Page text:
Adrienne Skye Roberts
Homesick: The Search for Belonging in New Orleans’s Landscape of Loss
New Orleans is a city I have come to know through the devastating aftermath of Hurricane Katrina. During the summer of 2006 I traveled to the Lower Ninth Ward to offer my assistance in the rebuilding efforts. The neighborhood was emptied of its longtime residents, their absence marked by vacant houses and piles of belongings. In the wake of the storm, numerous nonprofit relief organizations responded to the Lower Ninth Ward and similarly decimated neighborhoods and with them came thousands of volunteers, the majority of whom had backgrounds similar to mine: middle-class, well educated, politically active, white, in their 20s.This volunteer population occupied the space of a historic community of color. Economic and social privilege made their mobility possible.
When I arrived, I was not yet aware of how significant the experience of volunteering would be for my generation. New Orleans was for me a pre-planned destination on a cross-country road trip. I was 22 years old, had recently graduated from college, and was searching for a temporary solution to the restlessness of this period of my life. Hurricane Katrina made visible the severely dysfunctional underbelly of America, mainly the huge economic disparities suffered by people of color, and it called many young people to action. Volunteering became more than an act of civic responsibility; it provided people with purpose, direction, and a community with which to engage.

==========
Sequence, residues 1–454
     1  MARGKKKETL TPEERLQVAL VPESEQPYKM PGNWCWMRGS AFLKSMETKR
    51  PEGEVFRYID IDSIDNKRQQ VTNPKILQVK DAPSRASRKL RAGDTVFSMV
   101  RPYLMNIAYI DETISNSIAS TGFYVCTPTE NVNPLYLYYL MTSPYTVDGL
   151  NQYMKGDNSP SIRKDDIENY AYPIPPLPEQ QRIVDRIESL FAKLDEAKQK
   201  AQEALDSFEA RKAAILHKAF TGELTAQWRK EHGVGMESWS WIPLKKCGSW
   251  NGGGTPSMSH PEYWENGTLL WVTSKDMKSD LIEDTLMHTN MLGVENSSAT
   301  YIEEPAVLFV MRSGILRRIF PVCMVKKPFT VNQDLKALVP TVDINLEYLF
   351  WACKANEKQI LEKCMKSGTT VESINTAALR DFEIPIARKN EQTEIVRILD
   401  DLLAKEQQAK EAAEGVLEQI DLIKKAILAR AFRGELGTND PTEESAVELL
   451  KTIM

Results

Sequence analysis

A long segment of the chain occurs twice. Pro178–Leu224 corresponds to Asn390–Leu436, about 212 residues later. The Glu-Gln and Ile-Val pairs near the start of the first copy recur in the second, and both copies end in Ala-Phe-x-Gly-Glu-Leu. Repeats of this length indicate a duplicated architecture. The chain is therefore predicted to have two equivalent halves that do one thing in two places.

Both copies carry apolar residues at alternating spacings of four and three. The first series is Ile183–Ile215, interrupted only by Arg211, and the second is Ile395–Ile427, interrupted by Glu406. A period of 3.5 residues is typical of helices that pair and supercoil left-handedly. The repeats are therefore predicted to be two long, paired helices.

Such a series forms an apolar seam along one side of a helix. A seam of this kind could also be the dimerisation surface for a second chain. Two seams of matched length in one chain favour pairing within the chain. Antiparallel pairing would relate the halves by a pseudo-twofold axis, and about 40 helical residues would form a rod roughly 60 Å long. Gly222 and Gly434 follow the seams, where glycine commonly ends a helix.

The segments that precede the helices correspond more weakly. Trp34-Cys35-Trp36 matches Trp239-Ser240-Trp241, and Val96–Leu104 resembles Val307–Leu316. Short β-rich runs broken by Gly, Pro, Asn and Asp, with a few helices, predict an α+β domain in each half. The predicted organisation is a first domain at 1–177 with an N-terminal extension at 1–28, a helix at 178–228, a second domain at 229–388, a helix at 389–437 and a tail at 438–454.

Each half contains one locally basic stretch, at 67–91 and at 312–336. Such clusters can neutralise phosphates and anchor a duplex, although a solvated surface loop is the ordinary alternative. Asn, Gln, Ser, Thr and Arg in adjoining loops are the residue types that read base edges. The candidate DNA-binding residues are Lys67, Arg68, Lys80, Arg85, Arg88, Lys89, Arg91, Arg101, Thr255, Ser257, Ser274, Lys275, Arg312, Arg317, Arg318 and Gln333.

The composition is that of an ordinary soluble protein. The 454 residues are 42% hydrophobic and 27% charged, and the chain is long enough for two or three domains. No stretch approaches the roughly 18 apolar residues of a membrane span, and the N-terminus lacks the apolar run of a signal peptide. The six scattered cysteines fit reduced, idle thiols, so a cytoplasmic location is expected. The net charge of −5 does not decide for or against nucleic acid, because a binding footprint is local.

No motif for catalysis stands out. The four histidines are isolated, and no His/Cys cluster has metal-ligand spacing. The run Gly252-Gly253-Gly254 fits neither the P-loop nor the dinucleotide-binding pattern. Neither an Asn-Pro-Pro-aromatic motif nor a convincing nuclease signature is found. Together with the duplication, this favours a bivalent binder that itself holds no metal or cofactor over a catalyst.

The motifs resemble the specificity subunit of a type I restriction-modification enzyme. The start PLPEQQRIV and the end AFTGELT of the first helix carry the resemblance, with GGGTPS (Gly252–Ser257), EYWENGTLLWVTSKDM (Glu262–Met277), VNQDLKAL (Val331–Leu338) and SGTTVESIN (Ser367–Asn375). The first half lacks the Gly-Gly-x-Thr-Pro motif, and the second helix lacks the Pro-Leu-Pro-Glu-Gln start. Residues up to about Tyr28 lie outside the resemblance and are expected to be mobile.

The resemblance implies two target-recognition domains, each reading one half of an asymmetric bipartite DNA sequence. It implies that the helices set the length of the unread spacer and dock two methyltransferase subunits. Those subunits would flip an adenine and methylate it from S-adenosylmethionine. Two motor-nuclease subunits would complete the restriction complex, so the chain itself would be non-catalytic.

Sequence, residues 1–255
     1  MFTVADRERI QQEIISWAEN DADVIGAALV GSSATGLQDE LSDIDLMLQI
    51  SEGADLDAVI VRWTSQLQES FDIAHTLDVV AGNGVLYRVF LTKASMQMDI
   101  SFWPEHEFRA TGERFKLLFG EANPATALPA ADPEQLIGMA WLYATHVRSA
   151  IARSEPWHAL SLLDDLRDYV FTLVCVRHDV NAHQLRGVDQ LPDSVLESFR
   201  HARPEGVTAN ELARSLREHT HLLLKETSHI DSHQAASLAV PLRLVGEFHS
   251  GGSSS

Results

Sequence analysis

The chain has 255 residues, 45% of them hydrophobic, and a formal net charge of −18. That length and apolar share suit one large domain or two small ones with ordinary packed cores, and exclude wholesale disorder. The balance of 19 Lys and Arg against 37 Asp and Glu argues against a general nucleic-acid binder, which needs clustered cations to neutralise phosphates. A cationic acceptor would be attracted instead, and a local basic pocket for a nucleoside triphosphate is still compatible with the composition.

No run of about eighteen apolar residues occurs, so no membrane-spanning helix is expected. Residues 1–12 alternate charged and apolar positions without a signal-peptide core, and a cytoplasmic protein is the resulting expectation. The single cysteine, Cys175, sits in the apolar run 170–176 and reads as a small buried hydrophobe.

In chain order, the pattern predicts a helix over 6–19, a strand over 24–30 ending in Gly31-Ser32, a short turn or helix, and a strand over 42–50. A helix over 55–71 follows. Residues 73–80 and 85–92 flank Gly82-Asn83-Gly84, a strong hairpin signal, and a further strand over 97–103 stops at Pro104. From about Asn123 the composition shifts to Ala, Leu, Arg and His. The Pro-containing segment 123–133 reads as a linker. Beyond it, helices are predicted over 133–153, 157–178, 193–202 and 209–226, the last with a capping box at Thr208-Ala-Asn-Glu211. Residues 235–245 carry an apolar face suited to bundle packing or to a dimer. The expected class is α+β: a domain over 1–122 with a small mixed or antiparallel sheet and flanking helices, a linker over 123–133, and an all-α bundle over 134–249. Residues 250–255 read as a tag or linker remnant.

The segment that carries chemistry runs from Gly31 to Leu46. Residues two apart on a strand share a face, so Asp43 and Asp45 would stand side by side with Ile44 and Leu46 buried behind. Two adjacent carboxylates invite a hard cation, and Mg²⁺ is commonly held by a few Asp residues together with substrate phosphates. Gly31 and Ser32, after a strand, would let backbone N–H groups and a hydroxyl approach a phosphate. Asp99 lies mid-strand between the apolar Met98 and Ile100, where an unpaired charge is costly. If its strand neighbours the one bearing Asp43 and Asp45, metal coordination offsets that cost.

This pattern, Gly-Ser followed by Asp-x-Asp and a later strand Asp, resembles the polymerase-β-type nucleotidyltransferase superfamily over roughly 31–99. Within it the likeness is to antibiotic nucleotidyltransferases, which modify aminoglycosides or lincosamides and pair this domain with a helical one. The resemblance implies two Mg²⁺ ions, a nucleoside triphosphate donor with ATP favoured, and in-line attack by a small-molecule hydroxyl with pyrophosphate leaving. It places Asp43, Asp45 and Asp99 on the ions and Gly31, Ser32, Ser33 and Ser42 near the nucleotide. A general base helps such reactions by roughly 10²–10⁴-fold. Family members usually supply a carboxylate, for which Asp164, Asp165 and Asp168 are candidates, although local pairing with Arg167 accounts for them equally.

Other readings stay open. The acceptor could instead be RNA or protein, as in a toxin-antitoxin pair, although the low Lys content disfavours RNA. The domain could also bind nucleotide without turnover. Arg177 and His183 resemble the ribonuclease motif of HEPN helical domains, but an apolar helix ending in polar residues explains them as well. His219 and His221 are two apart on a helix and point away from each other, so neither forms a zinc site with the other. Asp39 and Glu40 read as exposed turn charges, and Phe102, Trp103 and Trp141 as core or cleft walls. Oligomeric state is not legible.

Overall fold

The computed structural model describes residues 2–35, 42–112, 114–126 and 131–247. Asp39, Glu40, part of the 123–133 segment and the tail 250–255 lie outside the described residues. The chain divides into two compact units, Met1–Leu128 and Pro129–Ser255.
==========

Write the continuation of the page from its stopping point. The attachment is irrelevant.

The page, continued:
As they work to rebuild and bring back displaced residents, the nonlocal volunteers in post-Katrina New Orleans simultaneously develop their own attachments to the city and contribute to its changing racial demographics and social fabric. Considering the inadequate response from the government, their work has been extremely beneficial. Yet their presence signifies a double-edged sword, and it raises the important question of whether or not the presence of predominately white volunteers reinforces the structural and institutional racism that enabled them to come to New Orleans in the first place.
In the years since, many volunteers have made the transition from visitor to resident. Their search for home was fueled by their own mobility and the American ideal of something new lying over the horizon. As the story continues to unfold, the nonlocal volunteers mark a new chapter in a deeply rooted and historically significant city—a city that remains delicately balanced between a traumatic past and an undetermined future.